Tuesday 28th January 2020
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Boris Johnson is preparing to defy American demand to ban Huawei Technologies from the U.K.’s fifth-generation telecommunications networks, in a decision that risks an angry backlash from within his own ruling Conservative Party. The prime minister’s team will make the decision on Tuesday after a meeting of the NSC, Digital Minister Matt Warman told members of Parliament on Monday.
During an urgent question session on the issue, numerous Conservative MPs raised concerns over Huawei gaining any access to U.K. networks, citing fears that the company could become a long-term security risk for Britain. But Johnson suggested the government can ensure consumer benefits without putting national security in danger, even though the Trump administration has repeatedly warned that Huawei could be vulnerable to Chinese spies.
“We are going to come up with a solution that enables us to achieve both those objectives and that’s the way forward,” Johnson said in a pooled interview earlier on Monday. “There’s no reason why we shouldn’t have technological progress here in the U.K. -- allow consumers, businesses in the U.K. access to fantastic technology, fantastic communications -- but also protect our security interests and protect our key partnerships with other security powers around the world.” The remarks suggest Johnson is set to grant Huawei partial access to Britain’s telecoms networks, setting up a clash with U.S. President Trump, whose administration has lobbied intensely for Britain to ban Huawei, saying its presence in 5G networks would threaten intelligence-sharing.
“Why do we need high risk vendors in our networks at all?” Conservative MP Bob Seely said. “Whoever controls 5G will affect significantly our rule of law, our data privacy, our security and our freedom to support our allies." The Huawei decision is perilous for Johnson. If he sides with President Trump and bans the company, he risks failing to equip the U.K. with the technology Huawei is well placed to provide and betraying his pledge to voters to spread ultra-fast internet services across the country. If he allows Huawei to go ahead, he faces the potential loss of U.S. intelligence cooperation and an angry backlash from the White House at a time when he’s seeking a trade deal with Britain’s closest ally.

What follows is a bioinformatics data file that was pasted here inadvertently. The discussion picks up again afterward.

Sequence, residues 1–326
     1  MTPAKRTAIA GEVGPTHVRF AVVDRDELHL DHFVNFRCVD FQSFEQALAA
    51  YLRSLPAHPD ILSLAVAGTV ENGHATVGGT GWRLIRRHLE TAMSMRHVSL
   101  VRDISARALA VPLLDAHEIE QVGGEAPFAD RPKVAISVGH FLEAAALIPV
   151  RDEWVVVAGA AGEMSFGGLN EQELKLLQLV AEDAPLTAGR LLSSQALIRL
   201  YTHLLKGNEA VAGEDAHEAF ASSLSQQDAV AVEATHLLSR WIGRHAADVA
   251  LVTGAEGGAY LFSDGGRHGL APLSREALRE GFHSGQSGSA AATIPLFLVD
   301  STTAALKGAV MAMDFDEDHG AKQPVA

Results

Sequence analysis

“Any decision that is made will nest a dragon into our critical national infrastructure or not,” influential Tory politician Tom Tugendhat told the Commons on Monday. “This is a decision that we will live with for the next 10, 15 or 20 years.” Former Tory Leader Iain Duncan Smith said that the U.K. was “at war,” in a sense. “There is a cyber war going on in which China is arguably the single biggest participant,” he told the chamber. He urged the government to “reject Huawei immediately.”
Culture Secretary Nicky Morgan, whose department is responsible for telecommunications, told Bloomberg earlier this month that Huawei will be kept out of “critical national infrastructure,” while leaving open the prospect the company can be involved in less sensitive areas. That chimes with the message on Monday from Johnson, who discussed the matter with Trump on Friday. Digital minister Warman was keen to show that the government wants to reduce Britain’s reliance on the Chinese vendor. “There are alternatives to Huawei, and we would of course seek to use them as much as possible,” he said. The government telecoms supply chain review published in July said officials will pursue a diversification strategy to support the growth of new entrants.
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